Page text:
TBS 6205 QUAD FREEVIEW DVB-T2/T/C Terrestrial / Cable Quad TV Tuner PCIe Card is a replacement for TBS 6285

TBS also have muti-standard cards, which I would avoid at this time. There are issues with mythtv/linux drivers which can be overcome but it can be messy. These cards have two frontends per tuner e.g. DVB-T/T2 and DVB-S/S2 but only one demux (so only one of the frontends on each tuner can be used at any one time), which is fine, but you may have to make adjustments to make sure the correct frontend is active. My understanding is that the linux core for DVB cannot automatically handle this situation at present, neither can mythtv.

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Re: What is the best internal card I can get to use with Myt

Postby oniscidea » Fri Jun 16, 2017 6:36 am

Thanks!
Just looking for a card supported by kernel, I also found that the DVBSky T982 card (Dual DVB-T2/T/C PCIe) seems to be a very good option. According to what people says it is supported by standard kernel drivers at least since 2015. Do you have any experience with T982 or other DVBSky cards?
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Re: What is the best internal card I can get to use with Myt

Postby oniscidea » Thu Jul 13, 2017 7:30 am

I decided to give a try to the DVBSky T982 PCIe dual tuner card, so from some weeks ago I am the owner of one of these cards.
I also made a fresh install of mythbuntu 16.04 with mythtv 0.28
The card worked out of the box EXCEPT for the fact that you have to put a firmware file (download it from the web: dvb-demod-si2168-b40-01.fw) in /lib/firmware. Once you put the file there linux does the rest.
The reception is good, but I still have glitches/artifacts that seem caused by bad reception. However my TV receiver does not show these defects, so I have the suspect that:
- Maybe tuner cards have les sensitivity than regular TV receivers (it seems strange to me)
- Or maybe mythtv software has some particularity that produces this phenomenon
I will keep investigating...
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Re: What is the best internal card I can get to use with Myt

Postby fe31nz » Wed Aug 09, 2017 1:01 am

Dual tuner cards need aerials just like single tuner cards. If the card has only one aerial input, but two tuners, the card likely has an internal splitter that takes that one input and passively splits the signal and sends it to each tuner. That means that each of the dual tuners will be getting only just less than half the signal level that you are providing at the aerial connection. If the incoming signal at the aerial connection is only just an OK level, after being split it may not be enough any more. So you are comparing a TV getting a full signal with tuners getting half that signal - not a fair comparision. If you put in another dual splitter between the TV and its aerial, then you can compare them.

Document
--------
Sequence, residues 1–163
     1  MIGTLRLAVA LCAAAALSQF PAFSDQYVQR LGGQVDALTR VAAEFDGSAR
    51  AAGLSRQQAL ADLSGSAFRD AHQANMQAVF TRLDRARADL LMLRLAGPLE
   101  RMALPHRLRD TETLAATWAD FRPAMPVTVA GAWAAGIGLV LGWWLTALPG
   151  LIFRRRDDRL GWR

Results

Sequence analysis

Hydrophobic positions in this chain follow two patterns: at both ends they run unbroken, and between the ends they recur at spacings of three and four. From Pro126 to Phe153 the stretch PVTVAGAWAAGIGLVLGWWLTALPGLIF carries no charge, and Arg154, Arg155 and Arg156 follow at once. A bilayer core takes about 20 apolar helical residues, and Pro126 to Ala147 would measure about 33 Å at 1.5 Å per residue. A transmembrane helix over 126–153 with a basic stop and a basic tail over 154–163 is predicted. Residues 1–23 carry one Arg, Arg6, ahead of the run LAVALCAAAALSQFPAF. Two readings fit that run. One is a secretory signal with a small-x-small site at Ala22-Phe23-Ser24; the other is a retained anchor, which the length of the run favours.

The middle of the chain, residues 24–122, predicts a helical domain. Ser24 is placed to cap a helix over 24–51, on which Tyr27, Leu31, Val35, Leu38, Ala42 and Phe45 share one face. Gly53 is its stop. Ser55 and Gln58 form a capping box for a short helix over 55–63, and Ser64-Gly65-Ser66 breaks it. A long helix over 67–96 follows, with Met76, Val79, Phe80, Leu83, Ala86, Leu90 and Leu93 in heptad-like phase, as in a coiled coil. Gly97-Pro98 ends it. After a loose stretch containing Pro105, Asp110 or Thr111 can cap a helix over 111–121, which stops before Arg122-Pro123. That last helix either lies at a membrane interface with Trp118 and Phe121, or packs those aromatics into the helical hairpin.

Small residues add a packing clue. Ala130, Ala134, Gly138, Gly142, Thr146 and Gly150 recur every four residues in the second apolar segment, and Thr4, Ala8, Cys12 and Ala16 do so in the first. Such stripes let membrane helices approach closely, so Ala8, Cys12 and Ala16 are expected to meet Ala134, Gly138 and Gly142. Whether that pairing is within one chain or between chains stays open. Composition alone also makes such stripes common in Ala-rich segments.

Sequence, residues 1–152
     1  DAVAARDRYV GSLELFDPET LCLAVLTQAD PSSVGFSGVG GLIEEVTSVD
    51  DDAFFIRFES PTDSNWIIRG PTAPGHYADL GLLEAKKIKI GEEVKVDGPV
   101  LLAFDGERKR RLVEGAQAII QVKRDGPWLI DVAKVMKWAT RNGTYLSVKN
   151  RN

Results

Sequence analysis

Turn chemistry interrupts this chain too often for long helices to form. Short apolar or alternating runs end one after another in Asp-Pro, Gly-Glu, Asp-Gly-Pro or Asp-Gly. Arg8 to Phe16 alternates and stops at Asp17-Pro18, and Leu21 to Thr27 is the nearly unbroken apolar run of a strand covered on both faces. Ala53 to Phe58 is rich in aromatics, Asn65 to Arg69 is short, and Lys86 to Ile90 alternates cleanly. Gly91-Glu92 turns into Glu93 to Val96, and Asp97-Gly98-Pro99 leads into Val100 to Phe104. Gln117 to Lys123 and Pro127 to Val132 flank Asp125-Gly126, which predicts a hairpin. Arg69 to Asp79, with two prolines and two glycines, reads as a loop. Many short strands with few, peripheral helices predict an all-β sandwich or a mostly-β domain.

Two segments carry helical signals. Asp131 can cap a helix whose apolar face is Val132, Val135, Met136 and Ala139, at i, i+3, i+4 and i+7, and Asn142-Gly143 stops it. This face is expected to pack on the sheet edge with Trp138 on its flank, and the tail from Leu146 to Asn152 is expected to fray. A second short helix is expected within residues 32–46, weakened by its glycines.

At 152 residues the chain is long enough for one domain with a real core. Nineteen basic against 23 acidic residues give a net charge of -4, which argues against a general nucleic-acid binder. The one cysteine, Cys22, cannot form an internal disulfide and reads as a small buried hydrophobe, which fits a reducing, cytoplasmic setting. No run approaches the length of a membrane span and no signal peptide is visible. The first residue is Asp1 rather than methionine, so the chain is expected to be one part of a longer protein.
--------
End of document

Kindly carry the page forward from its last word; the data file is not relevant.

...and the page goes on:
As a result of this sort of problem, you may find it is better to use two single tuners rather than a dual tuner. That way, you can use a 3-way spliter with the TV and each tuner getting aroudn 1/3 of the signal level from the aerial, rather than the TV getting half and the dual tuners 1/4. Or you may need to amplify the aerial signal, then split it, and have an extra splitter in the TV connection to prevent it getting too large a signal level.

The other major cause of glitches on playback (where you get the same glitch each time, so it is clearly in the recording file), is when you are recording too many programs simultaneously to the same hard disk. When recording to multiple places on the same disk at once, the heads have to move back and forth all the time, and they are quite slow at doing that (compared to how fast a modern hard disk can write when the heads are on track). So they can take so long to move that mythbackend runs out of RAM buffer space and drops some data. This is a classic disk buffer overrun problem, and causes gaps in the data that is recorded to the recording files. Such gaps are pretty much the same as getting gaps or errored data from a tuner with reception problems - they are not easy to distinguish as they cause the same visible and audible glitches. And unfortunately mythbackend does not specifically log any buffer overrun errors that occur - you only find out about them by the glitches on playback or through roundabout means such as some of the extra logging done if you have "-v record" as an option on your mythbackend command line.

My rule of thumb is to never have more than two scheduled recordings happening on the same disk at the same time, except for overlaps due to pre-roll and post-roll. If I need to do more than that, I add a new hard disk. So now I have seven recording drives.